I hate to cook but love football, so instead of gratuitous recipes (which I skipped over), I could explain various football plays in excruciating detail. In a book of this length, why throw in recipes? I never understand authors who use this gimmick. Do they think the reader will put down the book, rush into the kitchen and rustle up a fancy dessert?

But enough with my snarky sarcasm. Sad to say, though, this story is ripe for sarcasm. My last question: When will Handle with Care appear on Lifetime?
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on March 18, 2015
You can never go wrong reading Jodi Picoult. She shows you all sides of major ethical and moral quandaries. One of her techniques is telling her stories through each of the individuals involved. This is a particularly gut-wrenching story about a tragic physical issue befalling some people when they are born and how it affects each member of the family. She also includes some heartrending moments describing how relationships play out in different sorts of families. She also manages to spin some wonderful tales and obviously does a monumental amount of research before writing her books. I cannot recommend her highly enough.
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on July 12, 2009
I don't think I'll be spending my money buying anymore Jodi Picoult hardcovers. HANDLE WITH CARE was a huge disappointment to me. Yes, Picoult does impeccable research. Yes, she presents OI realistically and sympathetically. Yes, she's a skillful writer. I'll give her all that. BUT, and this is a very big but, if I can't root for the characters, if I can't believe in them, the book doesn't work for me. And I disliked Charlotte, the protagonist, immensely. I simply couldn't believe in her or her actions. I did find the trial interesting and absorbing, but that wasn't enough to save the book for me. SPOILER ALERT: The character I liked most in the book was Willow, and unfortunately Picoult copped out in the end and killed her off. Why she did this, I cannot fathom. It added nothing to the story and left me feeling totally cheated. Also, and this is a small picky, but one nevertheless -- the O'Keefe's would never have been given a check for eight million dollars. First of all, the insurance company would have certainly appealed that verdict. Secondly, the lawyers get their cut off the top, so depending on how much that cut was -- let's say 30-40% -- which is pretty normal, the O'Keefe's portion would have been about $4.8 million. I also couldn't buy into the family not cashing the check. Even if they finally decided they couldn't, in good conscience, spend the money -- they could have donated it to the OI Foundation. I don't know -- I couldn't suspend disbelief through this story, even though I kept reading it and hoping it would improve. RECOMMENDATION: borrow the book from the library.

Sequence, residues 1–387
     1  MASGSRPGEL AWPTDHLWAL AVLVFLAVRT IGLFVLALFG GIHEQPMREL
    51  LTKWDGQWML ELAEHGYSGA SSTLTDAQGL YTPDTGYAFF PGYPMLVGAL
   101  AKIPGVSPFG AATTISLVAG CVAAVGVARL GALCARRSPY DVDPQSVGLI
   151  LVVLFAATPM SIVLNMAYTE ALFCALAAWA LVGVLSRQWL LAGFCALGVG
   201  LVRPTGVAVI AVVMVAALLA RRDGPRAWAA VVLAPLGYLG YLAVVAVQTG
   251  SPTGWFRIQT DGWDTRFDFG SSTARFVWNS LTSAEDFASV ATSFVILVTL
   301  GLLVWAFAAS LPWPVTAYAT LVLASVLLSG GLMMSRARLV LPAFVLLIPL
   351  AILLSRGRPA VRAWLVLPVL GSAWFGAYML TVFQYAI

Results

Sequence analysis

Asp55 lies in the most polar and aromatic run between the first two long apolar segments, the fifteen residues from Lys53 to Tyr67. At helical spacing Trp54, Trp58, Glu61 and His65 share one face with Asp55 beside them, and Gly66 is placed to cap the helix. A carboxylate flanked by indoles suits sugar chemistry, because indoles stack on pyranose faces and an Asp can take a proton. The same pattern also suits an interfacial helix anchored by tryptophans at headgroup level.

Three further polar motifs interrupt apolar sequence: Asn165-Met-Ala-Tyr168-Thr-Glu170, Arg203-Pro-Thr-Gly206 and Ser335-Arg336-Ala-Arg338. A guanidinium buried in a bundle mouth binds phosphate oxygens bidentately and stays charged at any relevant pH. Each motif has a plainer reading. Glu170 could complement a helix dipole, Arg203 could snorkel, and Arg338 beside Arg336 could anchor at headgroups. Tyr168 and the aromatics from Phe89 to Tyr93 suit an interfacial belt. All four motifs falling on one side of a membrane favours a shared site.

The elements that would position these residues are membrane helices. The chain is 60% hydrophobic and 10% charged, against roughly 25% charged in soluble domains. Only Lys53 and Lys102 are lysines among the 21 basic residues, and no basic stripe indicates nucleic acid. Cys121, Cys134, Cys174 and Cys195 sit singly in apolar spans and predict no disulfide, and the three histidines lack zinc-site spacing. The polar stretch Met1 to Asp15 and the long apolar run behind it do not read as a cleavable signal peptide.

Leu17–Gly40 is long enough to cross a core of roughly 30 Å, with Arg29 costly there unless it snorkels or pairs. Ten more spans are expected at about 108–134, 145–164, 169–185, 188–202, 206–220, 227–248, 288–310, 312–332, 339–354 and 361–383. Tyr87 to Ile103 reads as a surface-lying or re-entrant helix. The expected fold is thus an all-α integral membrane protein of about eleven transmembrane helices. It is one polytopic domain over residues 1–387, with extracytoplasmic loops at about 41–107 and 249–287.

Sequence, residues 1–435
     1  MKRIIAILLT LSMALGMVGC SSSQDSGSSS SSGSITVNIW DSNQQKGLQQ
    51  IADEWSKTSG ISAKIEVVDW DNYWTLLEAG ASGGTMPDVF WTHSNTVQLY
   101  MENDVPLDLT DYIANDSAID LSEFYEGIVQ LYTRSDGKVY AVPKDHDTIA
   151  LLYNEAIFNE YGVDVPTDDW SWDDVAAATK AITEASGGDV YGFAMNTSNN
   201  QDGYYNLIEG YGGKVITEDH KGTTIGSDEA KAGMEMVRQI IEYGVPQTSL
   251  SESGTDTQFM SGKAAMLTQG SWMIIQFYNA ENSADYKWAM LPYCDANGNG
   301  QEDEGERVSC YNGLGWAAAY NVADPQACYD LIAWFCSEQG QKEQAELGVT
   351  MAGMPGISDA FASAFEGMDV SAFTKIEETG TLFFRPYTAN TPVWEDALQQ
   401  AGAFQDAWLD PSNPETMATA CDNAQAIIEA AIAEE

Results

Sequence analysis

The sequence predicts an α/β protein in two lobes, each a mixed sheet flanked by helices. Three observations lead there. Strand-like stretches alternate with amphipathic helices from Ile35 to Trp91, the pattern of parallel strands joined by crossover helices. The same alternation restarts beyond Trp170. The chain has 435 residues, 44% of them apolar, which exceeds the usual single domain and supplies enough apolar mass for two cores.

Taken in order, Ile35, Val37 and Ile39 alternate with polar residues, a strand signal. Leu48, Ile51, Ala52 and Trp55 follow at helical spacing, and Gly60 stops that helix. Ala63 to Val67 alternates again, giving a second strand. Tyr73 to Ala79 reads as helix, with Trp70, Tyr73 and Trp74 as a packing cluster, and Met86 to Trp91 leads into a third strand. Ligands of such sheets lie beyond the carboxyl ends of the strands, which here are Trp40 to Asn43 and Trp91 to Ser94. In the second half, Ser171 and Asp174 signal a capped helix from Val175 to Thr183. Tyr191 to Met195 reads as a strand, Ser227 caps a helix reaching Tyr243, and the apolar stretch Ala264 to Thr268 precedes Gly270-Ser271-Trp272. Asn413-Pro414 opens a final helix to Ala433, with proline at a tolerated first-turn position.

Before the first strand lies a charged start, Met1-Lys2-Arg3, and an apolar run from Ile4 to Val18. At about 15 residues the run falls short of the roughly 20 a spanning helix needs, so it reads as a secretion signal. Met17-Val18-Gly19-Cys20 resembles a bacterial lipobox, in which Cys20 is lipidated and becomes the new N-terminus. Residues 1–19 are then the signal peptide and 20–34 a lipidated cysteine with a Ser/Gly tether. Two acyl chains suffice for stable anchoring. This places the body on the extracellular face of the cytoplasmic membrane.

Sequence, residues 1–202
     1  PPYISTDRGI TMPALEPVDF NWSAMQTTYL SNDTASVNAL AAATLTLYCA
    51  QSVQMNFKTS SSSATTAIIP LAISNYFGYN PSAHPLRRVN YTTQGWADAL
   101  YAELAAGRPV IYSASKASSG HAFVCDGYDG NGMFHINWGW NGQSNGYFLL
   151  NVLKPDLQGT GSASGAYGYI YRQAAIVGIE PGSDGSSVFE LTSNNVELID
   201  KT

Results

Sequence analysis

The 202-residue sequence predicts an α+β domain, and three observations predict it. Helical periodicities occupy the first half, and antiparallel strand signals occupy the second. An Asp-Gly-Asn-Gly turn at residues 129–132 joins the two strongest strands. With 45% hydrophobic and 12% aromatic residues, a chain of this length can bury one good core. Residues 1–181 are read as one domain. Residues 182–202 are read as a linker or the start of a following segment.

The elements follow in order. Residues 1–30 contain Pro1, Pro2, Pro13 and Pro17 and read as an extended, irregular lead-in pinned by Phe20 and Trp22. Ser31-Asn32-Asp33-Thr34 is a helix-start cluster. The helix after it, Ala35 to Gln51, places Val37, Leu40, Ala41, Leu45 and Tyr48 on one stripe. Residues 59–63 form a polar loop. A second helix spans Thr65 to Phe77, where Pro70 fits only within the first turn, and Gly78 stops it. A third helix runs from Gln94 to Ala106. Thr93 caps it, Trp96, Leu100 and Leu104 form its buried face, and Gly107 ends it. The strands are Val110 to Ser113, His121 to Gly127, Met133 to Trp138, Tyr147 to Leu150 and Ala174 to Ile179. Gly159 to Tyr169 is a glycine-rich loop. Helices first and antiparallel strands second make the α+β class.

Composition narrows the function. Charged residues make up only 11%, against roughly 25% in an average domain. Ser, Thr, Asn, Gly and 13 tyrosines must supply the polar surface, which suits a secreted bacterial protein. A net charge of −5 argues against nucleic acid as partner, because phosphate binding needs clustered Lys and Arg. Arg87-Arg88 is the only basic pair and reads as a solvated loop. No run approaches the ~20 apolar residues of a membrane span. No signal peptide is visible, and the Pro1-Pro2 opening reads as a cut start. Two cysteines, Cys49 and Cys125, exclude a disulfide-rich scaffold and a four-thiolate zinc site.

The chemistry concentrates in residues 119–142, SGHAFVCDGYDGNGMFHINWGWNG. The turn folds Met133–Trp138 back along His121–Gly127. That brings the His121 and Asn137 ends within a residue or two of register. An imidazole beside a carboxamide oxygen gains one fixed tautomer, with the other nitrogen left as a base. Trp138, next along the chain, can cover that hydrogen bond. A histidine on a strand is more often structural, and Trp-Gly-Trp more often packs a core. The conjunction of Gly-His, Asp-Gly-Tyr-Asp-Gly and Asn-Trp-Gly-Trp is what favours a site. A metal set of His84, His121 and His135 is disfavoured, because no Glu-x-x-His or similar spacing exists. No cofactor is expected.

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on October 20, 2011
Handle with Care is the story of a young girl named Willow with Osteogenesis Imperfecta. She has to live her life very carefully because even the most minor injury for any normal child can lead to a hospital visit. On a trip to Disney World, everything was going fine until she slipped on a napkin and broke both femurs. Because she's been to the hospital so many times for breaks, the police investigate what looks like child abuse since the parents forgot to bring proof of her disorder. Willow's parents want to sue for the embarrassment and wrongful treatment they experienced in Florida when their lawyer tells them they have a wrongful-birth lawsuit on their hands. So what happens when one parent wants to go forward with the lawsuit against the ob-gyn, also her best friend, and the other wants nothing to do with it? How does the older sister, Amelia, cope with once-again having Willow be the spotlight of attention? But the biggest question, how does the family and Willow cope with a lawsuit claiming that she never should have been born and would have been aborted had they known when they claim to love her the way she is?

In a nutshell, this novel is like My Sister's Keeper so if you loved that, you'll love this. However, it is not a copy of it with a new name. Yes they feature children with serious medical conditions, family disputes, and courtroom drama. The novels tackle different moral issues though. Is it okay to have a spare-parts baby? Is it okay to sue for the birth of the child you love so much? They really aren't the same.

This is classic Picoult. She alternates between different viewpoints to tell each character's side of the story. It's an extremely fast read; I didn't want to put it down. It gets very emotional in some parts of the story so like all Picoult stories, don't read it in public if you don't want other people to see you cry.